Council says review of housing blueprint will help it retain 'influence and control of development' - The Rugby Observer

Council says review of housing blueprint will help it retain 'influence and control of development'

Rugby Editorial 19th Dec, 2022 Updated: 19th Dec, 2022   0

A REVIEW of Rugby’s blueprint for future development has been launched by Rugby Borough Council (RBC) which it says would keep planning decisions in its hands – as opposition parties claim it could put Green Belt land at risk.

The Council said the review of the Rugby Borough Local Plan – which earmarks land for future housing and employment with accompanying infrastructure across Rugby – would be ‘the quickest and most cost-effective way’ to align it with RBC’s Climate Change and Town Centre Regeneration strategies’, and also review new data on employment and housing need as required by the Government.

But Labour and Liberal Democrat councillors say they are concerned the proposal could mean developers putting more pressure on the Council to build on Green Belt land in the Borough.

An RBC spokesman said not updating the Plan would pose a ‘significant risk’ that the Council would be required to grant planning permission for new developments unless the adverse effects would ‘significantly and demonstrably’ outweigh the benefits.

He said: “This would reduce the ability of the council to apply its own planning policies – with the potential consequence of developments coming forward that the council would have otherwise considered unacceptable. It is also likely the council would lose more planning appeals and incur further costs to the taxpayer.”

Labour and the Lib Dems proposed a partial review of the Local Plan ‘that seeks to protect the Green Belt as a priority’.

Labour’s spokesperson for Planning and Development Coun Michael Moran said: “We favour a targeted, partial update that can be done at a fraction of the cost that really gets to address some of the town’s key issues.

“This Council must focus on its residents and start providing much-needed services such as schools, doctors and local amenities. We are already significantly over the target for house building set by Westminster.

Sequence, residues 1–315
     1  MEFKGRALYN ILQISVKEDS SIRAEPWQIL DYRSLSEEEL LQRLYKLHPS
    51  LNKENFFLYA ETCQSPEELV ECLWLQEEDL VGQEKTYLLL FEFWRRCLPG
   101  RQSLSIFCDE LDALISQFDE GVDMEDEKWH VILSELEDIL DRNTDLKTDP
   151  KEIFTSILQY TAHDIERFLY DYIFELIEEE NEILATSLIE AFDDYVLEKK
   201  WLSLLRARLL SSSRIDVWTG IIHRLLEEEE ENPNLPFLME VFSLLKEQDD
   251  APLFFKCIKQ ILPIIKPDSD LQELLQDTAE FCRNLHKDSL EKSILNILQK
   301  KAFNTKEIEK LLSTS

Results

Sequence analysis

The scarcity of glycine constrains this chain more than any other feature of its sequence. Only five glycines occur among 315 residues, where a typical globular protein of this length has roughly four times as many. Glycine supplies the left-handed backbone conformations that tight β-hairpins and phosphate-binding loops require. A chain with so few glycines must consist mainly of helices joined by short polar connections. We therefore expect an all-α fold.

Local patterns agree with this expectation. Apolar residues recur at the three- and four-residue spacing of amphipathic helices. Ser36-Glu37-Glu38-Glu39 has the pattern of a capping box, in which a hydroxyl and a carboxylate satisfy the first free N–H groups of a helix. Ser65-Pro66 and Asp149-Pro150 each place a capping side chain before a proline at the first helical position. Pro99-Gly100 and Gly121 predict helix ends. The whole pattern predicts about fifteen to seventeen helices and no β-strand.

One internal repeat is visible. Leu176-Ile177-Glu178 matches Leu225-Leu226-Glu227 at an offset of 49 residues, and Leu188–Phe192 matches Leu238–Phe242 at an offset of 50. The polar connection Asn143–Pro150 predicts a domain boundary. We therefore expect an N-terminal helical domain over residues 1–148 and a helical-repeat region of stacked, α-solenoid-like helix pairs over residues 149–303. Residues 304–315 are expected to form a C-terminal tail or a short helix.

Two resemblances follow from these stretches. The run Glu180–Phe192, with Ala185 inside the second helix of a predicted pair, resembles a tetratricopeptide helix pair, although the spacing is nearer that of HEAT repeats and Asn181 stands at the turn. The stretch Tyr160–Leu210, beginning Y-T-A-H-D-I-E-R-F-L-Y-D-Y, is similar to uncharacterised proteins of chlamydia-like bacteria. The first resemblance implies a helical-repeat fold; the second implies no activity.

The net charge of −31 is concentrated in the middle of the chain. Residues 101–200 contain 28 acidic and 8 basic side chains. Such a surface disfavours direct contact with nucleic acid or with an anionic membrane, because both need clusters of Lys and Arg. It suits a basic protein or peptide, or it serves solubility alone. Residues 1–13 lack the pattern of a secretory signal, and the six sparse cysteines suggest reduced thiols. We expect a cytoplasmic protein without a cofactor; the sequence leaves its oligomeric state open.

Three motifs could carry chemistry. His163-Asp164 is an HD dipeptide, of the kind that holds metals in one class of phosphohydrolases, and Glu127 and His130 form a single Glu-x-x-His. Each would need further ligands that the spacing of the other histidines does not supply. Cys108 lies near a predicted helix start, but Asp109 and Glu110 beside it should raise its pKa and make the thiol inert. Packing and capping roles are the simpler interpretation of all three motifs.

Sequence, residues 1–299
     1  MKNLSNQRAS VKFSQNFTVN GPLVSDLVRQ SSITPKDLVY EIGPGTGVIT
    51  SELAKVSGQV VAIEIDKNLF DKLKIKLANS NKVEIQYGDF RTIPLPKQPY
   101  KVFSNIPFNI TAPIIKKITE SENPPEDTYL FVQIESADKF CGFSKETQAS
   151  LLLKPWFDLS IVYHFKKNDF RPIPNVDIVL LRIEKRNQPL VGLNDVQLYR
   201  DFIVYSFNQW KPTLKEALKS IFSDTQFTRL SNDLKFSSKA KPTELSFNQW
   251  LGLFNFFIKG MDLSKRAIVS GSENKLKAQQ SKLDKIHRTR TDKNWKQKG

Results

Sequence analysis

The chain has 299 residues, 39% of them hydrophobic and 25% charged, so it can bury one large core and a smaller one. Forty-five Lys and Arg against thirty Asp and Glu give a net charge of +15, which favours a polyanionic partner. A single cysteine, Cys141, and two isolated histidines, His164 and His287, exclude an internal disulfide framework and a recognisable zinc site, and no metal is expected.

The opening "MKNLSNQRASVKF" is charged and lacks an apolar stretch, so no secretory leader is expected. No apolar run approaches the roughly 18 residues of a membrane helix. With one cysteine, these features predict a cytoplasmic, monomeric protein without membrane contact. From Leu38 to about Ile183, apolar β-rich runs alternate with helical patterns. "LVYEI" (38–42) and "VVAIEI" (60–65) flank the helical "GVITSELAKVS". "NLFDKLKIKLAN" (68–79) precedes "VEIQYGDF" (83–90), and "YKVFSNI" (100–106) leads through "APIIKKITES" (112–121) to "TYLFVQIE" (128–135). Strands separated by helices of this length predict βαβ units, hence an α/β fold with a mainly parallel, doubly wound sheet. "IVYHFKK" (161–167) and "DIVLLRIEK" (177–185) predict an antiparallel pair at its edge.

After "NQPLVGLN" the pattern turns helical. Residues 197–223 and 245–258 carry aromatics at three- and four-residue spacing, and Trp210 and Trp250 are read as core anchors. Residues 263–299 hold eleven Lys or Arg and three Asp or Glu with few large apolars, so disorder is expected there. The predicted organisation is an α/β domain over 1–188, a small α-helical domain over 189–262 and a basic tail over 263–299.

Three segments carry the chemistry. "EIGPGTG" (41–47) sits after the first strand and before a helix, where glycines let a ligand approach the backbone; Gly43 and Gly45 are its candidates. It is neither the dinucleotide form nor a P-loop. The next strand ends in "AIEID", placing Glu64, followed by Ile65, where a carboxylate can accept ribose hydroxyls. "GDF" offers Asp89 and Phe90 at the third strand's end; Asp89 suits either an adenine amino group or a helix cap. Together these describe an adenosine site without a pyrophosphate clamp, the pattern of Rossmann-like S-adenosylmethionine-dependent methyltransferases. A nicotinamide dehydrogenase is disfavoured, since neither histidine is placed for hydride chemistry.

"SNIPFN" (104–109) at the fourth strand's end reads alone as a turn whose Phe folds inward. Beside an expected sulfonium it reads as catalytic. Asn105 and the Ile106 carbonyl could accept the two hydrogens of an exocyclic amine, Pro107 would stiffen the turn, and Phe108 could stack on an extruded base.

“The last thing Rugby needs is ever more new houses built purely for developer profit. We have to stand up and protect what is left of our precious countryside.”

His Liberal Democrat counterpart Coun Neil Sandison added: “We have no need for a full review of the local plan since the existing one is still incomplete – we do not have, for example, a policy on Gypsy and Traveller sites, Housing in Multiple Occupation (HMOs) or Stadiums.

“What a full review and call for sites will do is reopen the flood gates to all the sites we previously rejected because they were in the greenbelt, open countryside or had poor connectivity to the road network.”

The Conservative-run Council’s Growth and Investment spokesman said the review would ensure the Borough was able to ‘properly’ manage growth.

Coun Ian Picker said: “While some commentators would prefer us to carry out a partial review instead of a full one, this would be more expensive in the long run and would be a quick route to a plan that does not take account of all of the relevant data.

“This would result in all applications having to be decided with a presumption in favour of sustainable development. We value our Green Belt and the need to deliver our climate change and town centre ambitions too much to allow this to happen.

“Finally, a full review of the Local Plan will enable us to introduce new policies in areas such as HMO development and stadia which others have highlighted as a concern.

“I look forward to working with others to address these issues and deliver a Local Plan that embraces the opportunities and meets the challenges the Borough of Rugby faces.”

The existing Local Plan – which allocates land for 12,400 homes, 110 hectares of employment land, and over 8,000 square metres of retail space up to 2031 – was adopted in 2019.

RBC says ‘significant consultation’ for the review will take place with councillors and residents over the next two years, with the Council set to adopt any changes by September 2024. Visit for more information.

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